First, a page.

Thursday, March 29, 2007


Following hot on the heels of the SF Book Meme is this new Great Big List o’ Literature, picked up from Richard over at Shadowscope.

The drill - you know it by now - is to boldface the titles you’ve read. Some folks italicize the ones they want to read (but have not read yet) - but I will not bother with that.

I’m not sure what the selection criteria were for this list, either for inclusion or relative ranking. They’re not all classics, but I suspect that all were, at one point or another, best sellers.

  1. The Da Vinci Code (Dan Brown)
  2. Pride and Prejudice (Jane Austen)
  3. To Kill A Mockingbird (Harper Lee)
  4. Gone With The Wind (Margaret Mitchell)
  5. The Lord of the Rings: The Return of the King (J. R. R. Tolkien)
  6. The Lord of the Rings: The Fellowship of the Ring (J. R. R. Tolkien)
  7. The Lord of the Rings: The Two Towers (J. R. R. Tolkien)
  8. Anne of Green Gables (L. M. Montgomery)
  9. Outlander (Diana Gabaldon)
  10. A Fine Balance (Rohinton Mistry)
  11. Harry Potter and the Goblet of Fire (J. K. Rowling)
  12. Angels and Demons (Dan Brown)
  13. Harry Potter and the Order of the Phoenix (J. K. Rowling)
  14. A Prayer for Owen Meany (John Irving)
  15. Memoirs of a Geisha (Arthur Golden)
  16. Harry Potter and the Philosopher’s Stone (J. K. Rowling)
  17. Fall on Your Knees (Ann-Marie MacDonald)
  18. The Stand (Stephen King)
  19. Harry Potter and the Prisoner of Azkaban (J. K. Rowling)
  20. Jane Eyre (Charlotte Brontë)
  21. The Hobbit (J. R. R. Tolkien)
  22. The Catcher in the Rye (J. D. Salinger)
  23. Little Women (Louisa May Alcott)
  24. The Lovely Bones (Alice Sebold)
  25. The Life of Pi (Yann Martel)
  26. The Hitchhiker’s Guide to the Galaxy (Douglas Adams)
  27. Wuthering Heights (Emily Brontë)
  28. The Lion, The Witch and the Wardrobe (C. S. Lewis)
  29. East of Eden (John Steinbeck)
  30. Tuesdays with Morrie (Mitch Albom)
  31. Dune (Frank Herbert)
  32. The Notebook (Nicholas Sparks)
  33. Atlas Shrugged (Ayn Rand)
  34. 1984 (George Orwell)
  35. The Mists of Avalon (Marion Zimmer Bradley)
  36. The Pillars of the Earth (Ken Follett)
  37. The Power of One (Bryce Courtenay)
  38. I Know This Much is True (Wally Lamb)
  39. The Red Tent (Anita Diamant)
  40. The Alchemist (Paulo Coelho)
  41. The Clan of the Cave Bear (Jean M. Auel)
  42. The Kite Runner (Khaled Hosseini)
  43. Confessions of a Shopaholic (Sophie Kinsella)
  44. The Five People You Meet In Heaven (Mitch Albom)
  45. The Bible
  46. Anna Karenina (Tolstoy)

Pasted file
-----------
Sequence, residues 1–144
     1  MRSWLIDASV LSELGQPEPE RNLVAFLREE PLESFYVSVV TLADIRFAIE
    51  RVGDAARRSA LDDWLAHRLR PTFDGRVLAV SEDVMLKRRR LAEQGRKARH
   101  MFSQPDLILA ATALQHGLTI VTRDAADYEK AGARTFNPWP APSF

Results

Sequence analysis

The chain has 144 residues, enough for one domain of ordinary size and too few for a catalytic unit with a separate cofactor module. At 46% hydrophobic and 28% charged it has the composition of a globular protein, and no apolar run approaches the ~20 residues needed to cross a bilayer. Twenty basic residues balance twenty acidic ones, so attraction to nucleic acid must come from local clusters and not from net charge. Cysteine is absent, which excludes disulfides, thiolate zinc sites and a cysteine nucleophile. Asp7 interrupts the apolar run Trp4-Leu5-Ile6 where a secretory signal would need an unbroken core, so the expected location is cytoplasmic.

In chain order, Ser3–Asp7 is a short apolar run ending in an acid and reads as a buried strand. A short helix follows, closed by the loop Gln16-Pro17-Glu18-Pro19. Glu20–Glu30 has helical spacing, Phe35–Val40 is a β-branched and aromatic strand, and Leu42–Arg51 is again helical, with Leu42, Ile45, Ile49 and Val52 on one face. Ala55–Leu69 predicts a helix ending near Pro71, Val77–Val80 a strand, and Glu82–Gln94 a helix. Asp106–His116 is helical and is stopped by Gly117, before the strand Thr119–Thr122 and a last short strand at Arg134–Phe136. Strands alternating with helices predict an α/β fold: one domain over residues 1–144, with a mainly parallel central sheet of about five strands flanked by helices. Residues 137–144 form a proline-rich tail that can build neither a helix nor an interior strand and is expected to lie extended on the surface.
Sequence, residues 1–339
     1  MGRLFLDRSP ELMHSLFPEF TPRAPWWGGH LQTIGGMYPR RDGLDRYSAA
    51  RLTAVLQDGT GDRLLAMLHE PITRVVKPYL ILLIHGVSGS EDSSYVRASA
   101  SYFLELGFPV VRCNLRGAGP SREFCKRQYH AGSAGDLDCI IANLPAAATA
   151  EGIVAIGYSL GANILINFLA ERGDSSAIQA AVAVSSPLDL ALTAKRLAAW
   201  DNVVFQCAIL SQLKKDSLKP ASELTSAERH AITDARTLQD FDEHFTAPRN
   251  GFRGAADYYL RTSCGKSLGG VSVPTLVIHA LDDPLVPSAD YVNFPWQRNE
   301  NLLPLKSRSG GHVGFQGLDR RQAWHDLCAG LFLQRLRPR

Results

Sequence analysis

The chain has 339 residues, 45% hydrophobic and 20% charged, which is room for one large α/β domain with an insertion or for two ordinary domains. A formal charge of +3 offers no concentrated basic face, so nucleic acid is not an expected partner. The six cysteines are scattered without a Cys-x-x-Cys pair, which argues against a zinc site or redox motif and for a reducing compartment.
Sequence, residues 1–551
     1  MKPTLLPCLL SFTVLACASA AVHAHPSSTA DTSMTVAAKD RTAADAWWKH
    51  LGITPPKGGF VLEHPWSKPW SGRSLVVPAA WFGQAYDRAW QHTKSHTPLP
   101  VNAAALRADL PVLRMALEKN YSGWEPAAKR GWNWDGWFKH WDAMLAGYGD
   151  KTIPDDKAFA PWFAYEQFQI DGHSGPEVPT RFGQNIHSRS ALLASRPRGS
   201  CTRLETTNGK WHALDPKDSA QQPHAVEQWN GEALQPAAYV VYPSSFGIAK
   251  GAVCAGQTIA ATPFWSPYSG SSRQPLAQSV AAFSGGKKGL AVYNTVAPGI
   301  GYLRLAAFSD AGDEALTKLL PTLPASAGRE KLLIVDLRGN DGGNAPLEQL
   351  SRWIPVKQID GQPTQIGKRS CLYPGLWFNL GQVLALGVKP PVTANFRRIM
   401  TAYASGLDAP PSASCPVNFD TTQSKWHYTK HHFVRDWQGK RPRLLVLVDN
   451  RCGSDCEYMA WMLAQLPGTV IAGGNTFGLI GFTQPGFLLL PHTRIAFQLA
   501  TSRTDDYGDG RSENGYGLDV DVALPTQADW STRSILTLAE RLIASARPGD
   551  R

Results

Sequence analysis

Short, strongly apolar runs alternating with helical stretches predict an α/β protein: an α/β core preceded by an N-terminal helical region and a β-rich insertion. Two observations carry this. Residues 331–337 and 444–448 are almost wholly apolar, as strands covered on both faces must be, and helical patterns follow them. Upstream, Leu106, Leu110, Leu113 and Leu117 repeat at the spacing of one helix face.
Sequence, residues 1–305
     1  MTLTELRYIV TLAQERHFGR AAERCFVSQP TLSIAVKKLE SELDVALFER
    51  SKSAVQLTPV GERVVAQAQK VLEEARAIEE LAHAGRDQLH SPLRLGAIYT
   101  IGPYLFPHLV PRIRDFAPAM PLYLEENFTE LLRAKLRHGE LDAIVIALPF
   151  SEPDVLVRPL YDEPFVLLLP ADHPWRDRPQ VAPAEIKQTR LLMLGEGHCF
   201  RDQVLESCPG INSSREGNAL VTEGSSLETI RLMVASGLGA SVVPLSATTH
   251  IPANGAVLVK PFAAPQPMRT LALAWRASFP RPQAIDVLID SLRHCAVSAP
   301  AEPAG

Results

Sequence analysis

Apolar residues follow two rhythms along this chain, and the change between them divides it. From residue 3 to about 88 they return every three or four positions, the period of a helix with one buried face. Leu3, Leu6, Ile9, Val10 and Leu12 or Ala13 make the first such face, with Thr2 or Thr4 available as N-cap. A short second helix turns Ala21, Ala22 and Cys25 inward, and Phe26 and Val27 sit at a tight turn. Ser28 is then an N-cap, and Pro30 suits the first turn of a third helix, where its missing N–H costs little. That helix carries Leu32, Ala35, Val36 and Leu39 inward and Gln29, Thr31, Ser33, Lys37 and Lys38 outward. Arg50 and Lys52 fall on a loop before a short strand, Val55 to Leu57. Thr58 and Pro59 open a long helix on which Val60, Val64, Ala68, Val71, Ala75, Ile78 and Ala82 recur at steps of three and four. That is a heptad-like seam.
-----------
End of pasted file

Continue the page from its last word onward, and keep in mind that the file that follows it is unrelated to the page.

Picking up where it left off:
47. The Count of Monte Cristo (Alexandre Dumas)
  48. Angela’s Ashes (Frank McCourt)
  49. The Grapes of Wrath (John Steinbeck)
  50. She’s Come Undone (Wally Lamb)
  51. The Poisonwood Bible (Barbara Kingsolver)
  52. A Tale of Two Cities (Charles Dickens)
  53. Ender’s Game (Orson Scott Card)
  54. Great Expectations (Charles Dickens)
  55. The Great Gatsby (F. Scott Fitzgerald)
  56. The Stone Angel (Margaret Laurence)
  57. Harry Potter and the Chamber of Secrets (J. K. Rowling)
  58. The Thorn Birds (Colleen McCullough)
  59. The Handmaid’s Tale (Margaret Atwood)
  60. The Time Traveler’s Wife (Audrey Niffenegger)
  61. Crime and Punishment (Fyodor Dostoyevsky)
  62. The Fountainhead (Ayn Rand)
  63. War and Peace (Leo Tolstoy)
  64. Interview With The Vampire (Anne Rice)
  65. Fifth Business (Robertson Davis)
  66. One Hundred Years Of Solitude (Gabriel Garcia Marquez)
  67. The Sisterhood of the Traveling Pants (Ann Brashares)
  68. Catch-22 (Joseph Heller)
  69. Les Miserables (Victor Hugo)
  70. The Little Prince (Antoine de Saint-Exupery)
  71. Bridget Jones’s Diary (Helen Fielding)
  72. Love in the Time of Cholera (Gabriel Garcia Márquez)
  73. Shogun (James Clavell)
  74. The English Patient (Michael Ondaatje)
  75. The Secret Garden (Frances Hodgson Burnett)
  76. The Summer Tree (Guy Gavriel Kay)
  77. A Tree Grows in Brooklyn (Betty Smith)
  78. The World According To Garp (John Irving)
  79. The Diviners (Margaret Laurence)
  80. Charlotte’s Web (E. B. White)
  81. Not Wanted On The Voyage (Timothy Findley)
  82. Of Mice And Men (John Steinbeck)
  83. Rebecca (Daphne DuMaurier)
  84. Wizard’s First Rule (Terry Goodkind)
  85. Emma (Jane Austen)
  86. Watership Down (Richard Adams)
  87. Brave New World (Aldous Huxley)
  88. The Stone Diaries (Carol Shields)
  89. Blindness (Jose Saramago)
  90. Kane and Abel (Jeffrey Archer)
  91. In The Skin Of A Lion (Michael Ondaatje)
  92. Lord of the Flies (William Golding)
  93. The Good Earth (Pearl S. Buck)
  94. The Secret Life of Bees (Sue Monk Kidd)
  95. The Bourne Identity (Robert Ludlum)
  96. The Outsiders (S. E. Hinton)
  97. White Oleander (Janet Fitch)
  98. A Woman of Substance (Barbara Taylor Bradford)
  99. The Celestine Prophecy (James Redfield)
  100. Ulysses (James Joyce)
Hrm. 47 out of 100; less than half. Is that a good thing? Or a bad thing? I dunno.

Richard and I agree: The Bible really does not belong on this list. But I have read both the Hebrew and Christian versions (preferring the JTS and King James translations, respectively), and substantial chunks of the former in the original it gets the Boldface Treatment.

I read James Clavell’s Shogun when I was in Japan...King Rat when I was in Singapore...and Tai-Pan when I was in Hong Kong. Knowing the settings made those novels stand out much more than they otherwise would have.

The only frustrating thing about these damnèd lists is that they remind me that there is a world of Great Literature out there that I have yet to experience. Classics, as yet untouched. Steinbeck...Ayn Rand...Dickens...James Joyce...I have got to get on the stick and read me a few more Good Books.

Meanwhile, I have two of Steve H.’s tomes on their way to me at this very moment. Great Literature? Maybe...but fun, certainly.

Read any good books lately?

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